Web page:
Ferns share many of the characteristics of flowering plants such as upright stems which transport water in specialized tissues. Lacking flowers they more than make up for this with their delicate and unusual leaves. Victorian gardeners latched on to this and started a fern craze which saw the populations of some native species plundered to levels which have left them rare and endangered ever since.
A variety of shapes and sizes
Ferns are not just the large-fronded eye-catching plants of the type used by florists and seen most commonly in damp woodlands and steamsides. Much smaller species find homes in grasslands, rock crevices, walls and mountain ledges. These include the tiny and mysterious moonwort, a plant of meadows and upland grassland and the common but easily overlooked wall rue which with cleaner air in now found on mortared walls throughout our cities. Filmy ferns are so small that they are often confused with the mosses and liverworts with which they grow in very damp woods and hills to the west of Scotland.
Clubmosses and horsetails
Clubmosses grow on heather moorland, mountain tops, flushes and lake margins. Despite their name these attractive plants are not mosses but more closely related to to ferns. Horsetails are very ancient plants which have changed little since they covered much of the land before the age of the dinosaurs although then some were as tall as modern trees. There are still horsetails in Mexico that are 8m tall but here our largest is the great horsetail Equisetum telmateia. This does grow up to 2m tall and is particularly striking when the ‘flowers’ arise in early spring.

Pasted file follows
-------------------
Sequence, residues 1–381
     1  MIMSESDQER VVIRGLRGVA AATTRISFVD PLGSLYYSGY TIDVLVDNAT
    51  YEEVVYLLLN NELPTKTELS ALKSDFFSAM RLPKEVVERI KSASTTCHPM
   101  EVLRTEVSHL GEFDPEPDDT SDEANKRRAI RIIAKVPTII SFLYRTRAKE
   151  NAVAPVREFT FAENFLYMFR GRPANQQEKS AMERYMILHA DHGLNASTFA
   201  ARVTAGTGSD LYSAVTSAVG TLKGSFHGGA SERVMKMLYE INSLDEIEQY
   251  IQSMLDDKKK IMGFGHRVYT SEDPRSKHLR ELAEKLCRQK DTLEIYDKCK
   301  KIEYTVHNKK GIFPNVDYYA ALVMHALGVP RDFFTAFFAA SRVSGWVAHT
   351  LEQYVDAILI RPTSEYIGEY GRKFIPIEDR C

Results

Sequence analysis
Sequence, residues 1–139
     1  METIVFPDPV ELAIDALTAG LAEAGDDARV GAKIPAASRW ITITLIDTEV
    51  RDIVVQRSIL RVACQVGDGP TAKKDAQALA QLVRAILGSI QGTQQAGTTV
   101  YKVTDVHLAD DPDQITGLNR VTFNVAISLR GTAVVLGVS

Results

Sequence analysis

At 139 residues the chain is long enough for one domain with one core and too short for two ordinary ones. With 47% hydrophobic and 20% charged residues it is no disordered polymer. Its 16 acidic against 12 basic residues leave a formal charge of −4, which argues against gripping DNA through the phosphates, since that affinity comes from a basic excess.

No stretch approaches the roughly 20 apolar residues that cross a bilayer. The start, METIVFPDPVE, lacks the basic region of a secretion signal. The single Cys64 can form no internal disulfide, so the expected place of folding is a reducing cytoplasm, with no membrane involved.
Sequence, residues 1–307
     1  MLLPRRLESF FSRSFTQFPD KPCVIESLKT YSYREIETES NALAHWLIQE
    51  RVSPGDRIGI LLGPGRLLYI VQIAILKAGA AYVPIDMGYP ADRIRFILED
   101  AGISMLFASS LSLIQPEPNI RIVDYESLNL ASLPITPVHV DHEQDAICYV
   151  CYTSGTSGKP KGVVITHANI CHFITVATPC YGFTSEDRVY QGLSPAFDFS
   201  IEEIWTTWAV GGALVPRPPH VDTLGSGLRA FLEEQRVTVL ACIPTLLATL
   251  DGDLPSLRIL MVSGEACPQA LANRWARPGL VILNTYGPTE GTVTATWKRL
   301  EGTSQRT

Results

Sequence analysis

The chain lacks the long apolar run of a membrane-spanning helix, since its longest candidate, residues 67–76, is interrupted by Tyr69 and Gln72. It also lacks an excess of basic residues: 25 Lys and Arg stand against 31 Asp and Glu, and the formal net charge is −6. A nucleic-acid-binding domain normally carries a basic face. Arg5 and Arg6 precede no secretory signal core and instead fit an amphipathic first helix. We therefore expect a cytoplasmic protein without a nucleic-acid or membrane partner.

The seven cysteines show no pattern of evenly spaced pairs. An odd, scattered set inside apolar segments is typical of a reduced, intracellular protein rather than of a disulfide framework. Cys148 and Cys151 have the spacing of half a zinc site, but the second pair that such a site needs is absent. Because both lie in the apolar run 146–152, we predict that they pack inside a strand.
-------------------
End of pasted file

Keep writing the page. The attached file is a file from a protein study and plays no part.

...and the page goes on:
Bracken – a problem plant or an underused resource?
Bracken is our most widespread large fern species covering large areas of our moors and uplands. In the past bracken was harvested and had a variety of uses including bedding for livestock and in thatching. These uses have now ceased and end of harvesting is one of a number of causes including changes to grazing and burning management which have caused a rapid expansion of bracken over the last 70 years or more. Innovative new uses for bracken such as a component of garden compost could, along with good burning practice, be part of a solution to the bracken invasion problem. It is a remarkably successful example of this ancient group of plants as you can find it even in the tropics.
Protecting our ferns
Unlike bracken many of our ferns are rare and in some cases declining. Alpine Lady’s fern is disappearing from many of its sites as the late snow lie it relies on to protect it from frost no longer occurs in our changing climate. Oblong woodsia suffered from over collecting in Victorian times and now the tiny isolated populations are vulnerable and declining. At the Royal Botanic Garden Edinburgh new plants have been raised from collections in the wild and successfully transplanted back into the wild to help endure a better future for oblong woodsia.
How can you help ferns
- Make space in your garden for ferns to establish by creating damp shaded corners and rocky habitats. Resist the temptation to transplant ferns from the wild. If you grow fern species which are not native to Scotland prevent them from spreading from your garden to surrounding areas.
- Smaller ferns often establish in cracks and crevices in old walls, especially where there is lime mortar. Take care when repairing walls to leave as many of these ferns as you can undisturbed.
- Get involved in recording groups to learn about these species and increase our understanding of where they are found.